PITTSBURGH (KDKA) — The familiar Pittsburgh colors of Spirit Airlines are coming to the Steel City in May.
“Pittsburgh has Spirit,” said Mark Kopczak, Spirit vice president, said at an airport press conference Tuesday afternoon.
With those words, Kopczak presented a model airplane to Airport Authority CEO Christina Cassotis.
“Black and gold, well, yellow,” said Kopczak as he handed the plane to Cassotis.
Spirit’s entry is part of recent growth at the airport.
“Spirit now becomes the 16th carrier at Pittsburgh International, and the eighth new carrier in just over two years,” noted Rich Fitzgerald, Allegheny County executive. “And during that time, the airport has gone from 37 non-stop destinations to 68 today.”
Spirit Airlines will fly to seven cities: Dallas/Fort Worth, Myrtle Beach, Fort Lauderdale, Orlando, Las Vegas, Houston, and Los Angeles.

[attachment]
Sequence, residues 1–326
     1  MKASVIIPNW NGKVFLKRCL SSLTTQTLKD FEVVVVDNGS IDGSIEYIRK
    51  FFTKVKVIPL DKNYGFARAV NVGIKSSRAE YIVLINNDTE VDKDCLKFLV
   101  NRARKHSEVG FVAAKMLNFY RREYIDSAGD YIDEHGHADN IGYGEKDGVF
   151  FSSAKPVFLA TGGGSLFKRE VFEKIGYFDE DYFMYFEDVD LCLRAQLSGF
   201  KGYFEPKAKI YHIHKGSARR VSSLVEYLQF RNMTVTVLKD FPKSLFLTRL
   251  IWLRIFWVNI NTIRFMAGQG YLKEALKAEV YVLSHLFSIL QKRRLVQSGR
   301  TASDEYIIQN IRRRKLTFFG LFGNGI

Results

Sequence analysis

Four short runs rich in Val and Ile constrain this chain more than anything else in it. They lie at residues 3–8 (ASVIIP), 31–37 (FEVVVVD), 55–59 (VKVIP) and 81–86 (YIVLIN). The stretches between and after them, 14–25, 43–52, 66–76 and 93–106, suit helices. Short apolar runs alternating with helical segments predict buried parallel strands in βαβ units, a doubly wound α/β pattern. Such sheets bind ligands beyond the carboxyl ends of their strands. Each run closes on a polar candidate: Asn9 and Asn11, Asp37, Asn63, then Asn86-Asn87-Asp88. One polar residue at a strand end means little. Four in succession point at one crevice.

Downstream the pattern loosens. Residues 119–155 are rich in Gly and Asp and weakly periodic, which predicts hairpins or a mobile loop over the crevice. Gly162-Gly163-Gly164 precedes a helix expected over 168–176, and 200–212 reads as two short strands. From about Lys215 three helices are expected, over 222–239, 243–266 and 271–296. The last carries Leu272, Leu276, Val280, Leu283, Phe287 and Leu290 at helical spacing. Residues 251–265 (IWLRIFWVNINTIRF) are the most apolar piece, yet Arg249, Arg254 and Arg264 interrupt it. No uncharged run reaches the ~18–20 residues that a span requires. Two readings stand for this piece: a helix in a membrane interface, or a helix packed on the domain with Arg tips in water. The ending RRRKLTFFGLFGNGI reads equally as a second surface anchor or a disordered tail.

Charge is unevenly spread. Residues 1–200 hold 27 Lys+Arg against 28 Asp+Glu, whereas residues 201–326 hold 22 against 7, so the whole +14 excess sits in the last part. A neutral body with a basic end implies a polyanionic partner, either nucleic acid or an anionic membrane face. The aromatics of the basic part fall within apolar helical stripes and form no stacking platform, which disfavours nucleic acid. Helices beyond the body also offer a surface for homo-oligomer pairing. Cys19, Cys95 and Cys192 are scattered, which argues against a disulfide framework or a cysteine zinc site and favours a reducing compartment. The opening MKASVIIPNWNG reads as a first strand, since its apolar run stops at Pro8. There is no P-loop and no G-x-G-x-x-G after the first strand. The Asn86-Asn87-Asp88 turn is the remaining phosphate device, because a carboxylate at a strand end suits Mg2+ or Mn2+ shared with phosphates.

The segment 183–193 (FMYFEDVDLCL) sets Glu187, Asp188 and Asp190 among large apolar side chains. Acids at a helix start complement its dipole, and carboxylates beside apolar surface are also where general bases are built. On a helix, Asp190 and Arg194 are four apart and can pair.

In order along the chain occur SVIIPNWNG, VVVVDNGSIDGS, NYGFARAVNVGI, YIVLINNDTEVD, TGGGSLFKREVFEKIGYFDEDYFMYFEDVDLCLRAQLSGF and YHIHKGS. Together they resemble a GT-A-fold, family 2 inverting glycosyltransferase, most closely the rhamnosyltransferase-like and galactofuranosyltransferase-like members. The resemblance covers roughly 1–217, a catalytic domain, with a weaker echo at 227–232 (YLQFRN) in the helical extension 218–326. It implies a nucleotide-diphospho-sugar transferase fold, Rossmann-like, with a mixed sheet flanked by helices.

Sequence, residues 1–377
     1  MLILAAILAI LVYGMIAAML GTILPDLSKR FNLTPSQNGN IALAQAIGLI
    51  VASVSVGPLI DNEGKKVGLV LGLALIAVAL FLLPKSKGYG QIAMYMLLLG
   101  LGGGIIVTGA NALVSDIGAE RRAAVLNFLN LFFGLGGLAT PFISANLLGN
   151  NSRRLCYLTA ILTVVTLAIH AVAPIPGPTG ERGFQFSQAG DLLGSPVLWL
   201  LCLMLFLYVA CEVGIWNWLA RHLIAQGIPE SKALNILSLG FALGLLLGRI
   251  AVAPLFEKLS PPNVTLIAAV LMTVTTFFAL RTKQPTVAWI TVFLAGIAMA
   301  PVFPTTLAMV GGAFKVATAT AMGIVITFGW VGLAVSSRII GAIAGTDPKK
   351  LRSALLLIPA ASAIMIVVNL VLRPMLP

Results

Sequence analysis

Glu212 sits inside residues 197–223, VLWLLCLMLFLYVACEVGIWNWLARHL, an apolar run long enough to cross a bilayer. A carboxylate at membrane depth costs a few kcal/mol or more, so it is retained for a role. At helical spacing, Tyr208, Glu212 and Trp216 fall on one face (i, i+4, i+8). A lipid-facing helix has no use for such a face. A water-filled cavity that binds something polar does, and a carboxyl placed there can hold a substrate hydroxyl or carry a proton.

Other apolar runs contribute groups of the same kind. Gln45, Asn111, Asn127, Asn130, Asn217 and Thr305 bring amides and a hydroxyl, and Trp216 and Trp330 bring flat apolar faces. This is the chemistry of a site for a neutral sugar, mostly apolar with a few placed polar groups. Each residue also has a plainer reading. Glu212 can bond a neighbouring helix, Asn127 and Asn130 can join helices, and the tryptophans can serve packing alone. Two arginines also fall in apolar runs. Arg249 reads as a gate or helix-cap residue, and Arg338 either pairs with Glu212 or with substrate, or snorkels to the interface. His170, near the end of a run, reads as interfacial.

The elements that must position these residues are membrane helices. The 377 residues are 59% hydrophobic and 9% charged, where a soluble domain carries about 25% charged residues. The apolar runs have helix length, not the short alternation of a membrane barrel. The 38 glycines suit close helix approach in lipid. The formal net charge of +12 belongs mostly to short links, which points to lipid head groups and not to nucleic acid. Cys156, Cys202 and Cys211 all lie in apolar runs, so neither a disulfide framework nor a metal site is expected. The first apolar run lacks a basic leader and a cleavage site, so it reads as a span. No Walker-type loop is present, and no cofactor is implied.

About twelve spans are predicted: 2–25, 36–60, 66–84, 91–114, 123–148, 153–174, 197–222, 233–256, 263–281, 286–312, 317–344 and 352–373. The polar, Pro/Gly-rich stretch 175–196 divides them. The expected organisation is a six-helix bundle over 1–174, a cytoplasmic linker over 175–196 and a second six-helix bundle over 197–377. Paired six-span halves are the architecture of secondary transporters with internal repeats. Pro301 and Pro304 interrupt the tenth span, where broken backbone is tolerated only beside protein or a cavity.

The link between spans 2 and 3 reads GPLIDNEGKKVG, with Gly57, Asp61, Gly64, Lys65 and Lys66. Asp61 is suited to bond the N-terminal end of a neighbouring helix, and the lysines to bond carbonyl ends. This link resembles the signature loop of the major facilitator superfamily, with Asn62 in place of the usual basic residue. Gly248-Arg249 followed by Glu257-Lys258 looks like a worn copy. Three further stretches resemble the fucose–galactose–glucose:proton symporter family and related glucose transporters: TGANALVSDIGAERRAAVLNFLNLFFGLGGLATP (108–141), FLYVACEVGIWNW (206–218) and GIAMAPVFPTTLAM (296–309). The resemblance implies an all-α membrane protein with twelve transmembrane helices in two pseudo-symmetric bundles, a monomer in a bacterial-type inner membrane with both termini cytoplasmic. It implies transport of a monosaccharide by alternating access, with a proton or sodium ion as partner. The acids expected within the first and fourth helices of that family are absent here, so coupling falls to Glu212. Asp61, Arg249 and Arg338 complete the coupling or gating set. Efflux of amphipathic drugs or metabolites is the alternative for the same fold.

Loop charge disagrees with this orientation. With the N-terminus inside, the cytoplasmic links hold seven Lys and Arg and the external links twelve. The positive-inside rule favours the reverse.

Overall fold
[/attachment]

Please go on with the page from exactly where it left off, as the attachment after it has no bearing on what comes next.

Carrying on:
Cassotis is especially pleased with Los Angeles, which American Airlines recently dropped as a non-stop destination.
“We have a real gap on the West Coast, which is why we are really thrilled that Spirit came in with LAX.”
Like Frontier and Allegiant airlines, Spirit is known for discount no-frills service.
The average bare fare on Spirit Airlines is $54 and that includes one personal item stored under the seat. Everything else costs additional money. Spirit Airlines says that means the customer can choose the services they want.
Spirit thinks it can attract new customers to flying.
“It’s a product that’s different than other airlines, and we think we can do things that will stimulate even more travel in western Pennsylvania,” says Kopczak.
And for those who use Spirit out of the Arnie Palmer Airport in Latrobe, no worries — that service continues.
“We see them as very complementary in nature,” notes Kopczak.
Fitzgerald tells the “KDKA Morning News” the announcement is good news for the airport and for passengers.
“Bringing competition brings all the other airlines to lower their prices and to be more competitive…A dozen years ago, we really only had one airline servicing Pittsburgh International Airport. You had a lot of choices in cities you could get to, but you had no choice in airlines so you were stuck with the price,” says Fitzgerald.